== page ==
The ability to paraphrase—express in other words, not those of the poem itself—what the poem is supposedly saying, is a specialized academic skill that you will need to develop for a career in literary criticism, but it is not necessary otherwise. When you think about it, a paraphrase is simply another text, in prose, that will inevitably be less compelling than the poem—more abstract, with duller language. Its only advantage over the original text might be its clarity or directness. Yet is seems a sterile exercise to come up with bland paraphrases of extraordinary works of art. Conversations about art can rise above this insipid level, of course, but only if they avoid reducing the work of art to some cliché.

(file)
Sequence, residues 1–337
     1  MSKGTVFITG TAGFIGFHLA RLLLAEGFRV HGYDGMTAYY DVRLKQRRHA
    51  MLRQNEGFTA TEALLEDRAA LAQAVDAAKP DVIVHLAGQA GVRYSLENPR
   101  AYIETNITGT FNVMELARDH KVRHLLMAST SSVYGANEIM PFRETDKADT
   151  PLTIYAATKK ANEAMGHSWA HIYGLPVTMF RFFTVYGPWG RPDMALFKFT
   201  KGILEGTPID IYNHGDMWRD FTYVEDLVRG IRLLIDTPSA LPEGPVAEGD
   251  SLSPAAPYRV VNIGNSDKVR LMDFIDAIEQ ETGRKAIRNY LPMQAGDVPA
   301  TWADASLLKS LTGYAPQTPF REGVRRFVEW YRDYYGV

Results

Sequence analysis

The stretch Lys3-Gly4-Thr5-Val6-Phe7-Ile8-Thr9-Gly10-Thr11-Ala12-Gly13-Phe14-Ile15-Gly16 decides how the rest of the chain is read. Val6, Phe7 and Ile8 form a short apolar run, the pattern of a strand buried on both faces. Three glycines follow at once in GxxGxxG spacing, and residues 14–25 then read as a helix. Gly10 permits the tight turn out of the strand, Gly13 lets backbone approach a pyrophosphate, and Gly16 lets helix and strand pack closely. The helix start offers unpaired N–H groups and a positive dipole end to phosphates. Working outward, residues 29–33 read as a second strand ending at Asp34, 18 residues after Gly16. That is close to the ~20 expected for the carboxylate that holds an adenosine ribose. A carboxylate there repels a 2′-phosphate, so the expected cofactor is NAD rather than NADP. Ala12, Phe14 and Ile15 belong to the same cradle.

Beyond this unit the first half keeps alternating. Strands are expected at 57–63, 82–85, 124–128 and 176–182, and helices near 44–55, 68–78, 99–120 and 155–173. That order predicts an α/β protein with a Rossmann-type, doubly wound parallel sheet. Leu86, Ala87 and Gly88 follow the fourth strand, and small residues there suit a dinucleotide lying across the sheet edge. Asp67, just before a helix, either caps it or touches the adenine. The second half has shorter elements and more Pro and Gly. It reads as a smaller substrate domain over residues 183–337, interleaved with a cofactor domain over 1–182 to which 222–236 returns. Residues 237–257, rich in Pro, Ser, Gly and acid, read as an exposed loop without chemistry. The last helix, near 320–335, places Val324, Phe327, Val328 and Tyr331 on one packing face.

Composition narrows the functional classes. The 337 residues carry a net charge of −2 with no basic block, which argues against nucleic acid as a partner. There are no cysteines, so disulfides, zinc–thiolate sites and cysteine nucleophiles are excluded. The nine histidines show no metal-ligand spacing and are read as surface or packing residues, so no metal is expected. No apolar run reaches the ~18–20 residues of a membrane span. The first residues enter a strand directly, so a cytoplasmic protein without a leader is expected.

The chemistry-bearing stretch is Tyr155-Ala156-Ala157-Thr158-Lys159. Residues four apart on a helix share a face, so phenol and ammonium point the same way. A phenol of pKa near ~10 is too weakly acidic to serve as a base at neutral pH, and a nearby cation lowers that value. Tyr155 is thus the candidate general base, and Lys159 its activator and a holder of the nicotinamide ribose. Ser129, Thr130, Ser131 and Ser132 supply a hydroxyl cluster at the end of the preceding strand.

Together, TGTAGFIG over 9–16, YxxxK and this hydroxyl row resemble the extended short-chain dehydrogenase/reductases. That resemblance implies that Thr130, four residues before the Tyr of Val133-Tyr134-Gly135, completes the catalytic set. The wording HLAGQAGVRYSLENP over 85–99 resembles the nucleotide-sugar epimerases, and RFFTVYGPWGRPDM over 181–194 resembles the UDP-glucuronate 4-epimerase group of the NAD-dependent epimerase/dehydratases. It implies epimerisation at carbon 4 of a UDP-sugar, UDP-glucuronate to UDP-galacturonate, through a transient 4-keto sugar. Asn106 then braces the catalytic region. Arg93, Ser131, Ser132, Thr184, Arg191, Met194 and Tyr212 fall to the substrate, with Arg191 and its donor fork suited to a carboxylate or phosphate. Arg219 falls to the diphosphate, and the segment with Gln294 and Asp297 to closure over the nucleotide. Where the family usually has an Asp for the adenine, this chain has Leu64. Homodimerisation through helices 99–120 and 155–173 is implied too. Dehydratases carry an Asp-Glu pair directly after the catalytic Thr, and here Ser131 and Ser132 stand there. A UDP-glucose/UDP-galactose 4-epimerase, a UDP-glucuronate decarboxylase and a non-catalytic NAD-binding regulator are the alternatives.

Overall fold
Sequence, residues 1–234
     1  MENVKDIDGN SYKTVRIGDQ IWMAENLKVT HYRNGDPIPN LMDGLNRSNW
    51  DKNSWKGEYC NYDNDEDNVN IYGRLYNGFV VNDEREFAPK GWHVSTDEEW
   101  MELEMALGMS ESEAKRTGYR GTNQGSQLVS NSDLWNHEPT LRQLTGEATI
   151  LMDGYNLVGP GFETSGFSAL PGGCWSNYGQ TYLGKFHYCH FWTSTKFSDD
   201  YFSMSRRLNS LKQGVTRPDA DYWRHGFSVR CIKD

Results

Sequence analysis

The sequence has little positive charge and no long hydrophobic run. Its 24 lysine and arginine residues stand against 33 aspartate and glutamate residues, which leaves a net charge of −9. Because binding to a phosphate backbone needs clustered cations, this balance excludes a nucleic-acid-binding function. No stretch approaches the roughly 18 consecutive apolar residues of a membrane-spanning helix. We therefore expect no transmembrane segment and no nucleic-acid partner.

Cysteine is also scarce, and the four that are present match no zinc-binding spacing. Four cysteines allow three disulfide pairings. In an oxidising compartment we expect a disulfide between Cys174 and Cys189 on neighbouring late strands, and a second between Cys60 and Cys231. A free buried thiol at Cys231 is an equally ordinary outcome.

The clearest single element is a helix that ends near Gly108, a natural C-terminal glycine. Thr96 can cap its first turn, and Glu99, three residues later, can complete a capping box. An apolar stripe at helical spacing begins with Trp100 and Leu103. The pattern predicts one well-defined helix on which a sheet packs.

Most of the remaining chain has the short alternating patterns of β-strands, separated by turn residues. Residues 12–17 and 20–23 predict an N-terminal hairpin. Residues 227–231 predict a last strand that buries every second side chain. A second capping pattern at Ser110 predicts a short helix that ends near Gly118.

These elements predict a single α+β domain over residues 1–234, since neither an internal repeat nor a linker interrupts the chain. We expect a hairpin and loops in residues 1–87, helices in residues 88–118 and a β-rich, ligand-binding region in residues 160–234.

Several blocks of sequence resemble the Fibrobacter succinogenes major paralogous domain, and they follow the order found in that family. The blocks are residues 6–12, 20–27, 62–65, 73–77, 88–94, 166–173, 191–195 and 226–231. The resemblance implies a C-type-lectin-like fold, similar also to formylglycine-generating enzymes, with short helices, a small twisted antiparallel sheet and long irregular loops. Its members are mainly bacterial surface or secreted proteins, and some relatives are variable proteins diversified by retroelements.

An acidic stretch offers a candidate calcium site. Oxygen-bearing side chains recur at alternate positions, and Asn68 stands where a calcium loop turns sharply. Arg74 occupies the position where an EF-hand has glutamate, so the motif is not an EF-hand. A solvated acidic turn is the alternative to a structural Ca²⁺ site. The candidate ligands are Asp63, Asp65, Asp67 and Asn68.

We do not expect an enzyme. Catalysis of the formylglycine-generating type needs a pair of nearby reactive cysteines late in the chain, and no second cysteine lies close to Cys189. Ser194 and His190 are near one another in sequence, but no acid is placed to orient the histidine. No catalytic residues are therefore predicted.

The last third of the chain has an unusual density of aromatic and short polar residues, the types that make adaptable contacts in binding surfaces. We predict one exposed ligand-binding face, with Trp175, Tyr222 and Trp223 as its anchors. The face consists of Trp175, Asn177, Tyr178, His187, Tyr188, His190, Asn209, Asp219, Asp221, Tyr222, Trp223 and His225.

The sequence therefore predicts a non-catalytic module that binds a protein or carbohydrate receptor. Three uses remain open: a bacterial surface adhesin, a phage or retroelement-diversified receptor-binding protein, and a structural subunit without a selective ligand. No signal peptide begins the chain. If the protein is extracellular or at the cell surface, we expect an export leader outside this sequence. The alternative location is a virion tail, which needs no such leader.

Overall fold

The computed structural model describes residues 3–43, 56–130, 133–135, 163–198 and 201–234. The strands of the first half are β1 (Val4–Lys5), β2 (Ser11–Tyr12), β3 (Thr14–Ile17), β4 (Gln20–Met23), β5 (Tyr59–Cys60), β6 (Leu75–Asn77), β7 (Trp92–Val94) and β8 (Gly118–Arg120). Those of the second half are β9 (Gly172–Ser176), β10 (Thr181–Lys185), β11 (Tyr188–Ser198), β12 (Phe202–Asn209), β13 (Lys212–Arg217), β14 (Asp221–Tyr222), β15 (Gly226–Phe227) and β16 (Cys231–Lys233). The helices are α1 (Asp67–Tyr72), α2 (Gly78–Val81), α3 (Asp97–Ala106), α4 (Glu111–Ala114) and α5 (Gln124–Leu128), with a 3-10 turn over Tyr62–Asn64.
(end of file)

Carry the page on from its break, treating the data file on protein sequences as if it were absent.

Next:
You can also immerse yourself in difficult poem for long periods of time and not worry excessively about whether you understand them. What is needed is a quality of suspension, in which the mind does not seek to understand things prematurely or resolve all ambiguities. The English romantic poet John Keats called this “negative capability”:  “it struck me what quality went to form a Man of Achievement, especially in Literature, and which Shakespeare possessed so enormously—I mean Negative Capability, that is, when a man is capable of being in uncertainties, mysteries, doubts, without any irritable reaching after fact and reason.” This suspension of certainty is necessary in a poet, according to Keats, but it is also necessary in a reader of poetry—insofar as poetry is the practice of deliberate ambiguity.